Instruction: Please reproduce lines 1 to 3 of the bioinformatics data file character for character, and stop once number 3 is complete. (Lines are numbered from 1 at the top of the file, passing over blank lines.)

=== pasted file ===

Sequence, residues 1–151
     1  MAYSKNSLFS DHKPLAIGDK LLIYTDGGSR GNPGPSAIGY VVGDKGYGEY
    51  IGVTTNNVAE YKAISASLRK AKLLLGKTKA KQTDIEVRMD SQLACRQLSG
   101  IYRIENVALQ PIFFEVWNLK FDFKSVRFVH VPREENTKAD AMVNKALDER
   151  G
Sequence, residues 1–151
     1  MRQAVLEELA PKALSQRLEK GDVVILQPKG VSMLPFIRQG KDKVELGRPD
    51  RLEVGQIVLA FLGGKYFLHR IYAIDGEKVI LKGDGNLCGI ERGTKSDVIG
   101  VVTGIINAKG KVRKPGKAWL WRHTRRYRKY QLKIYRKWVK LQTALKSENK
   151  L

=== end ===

Sequence, residues 1–151
     1  MAYSKNSLFS DHKPLAIGDK LLIYTDGGSR GNPGPSAIGY VVGDKGYGEY
    51  IGVTTNNVAE YKAISASLRK AKLLLGKTKA KQTDIEVRMD SQLACRQLSG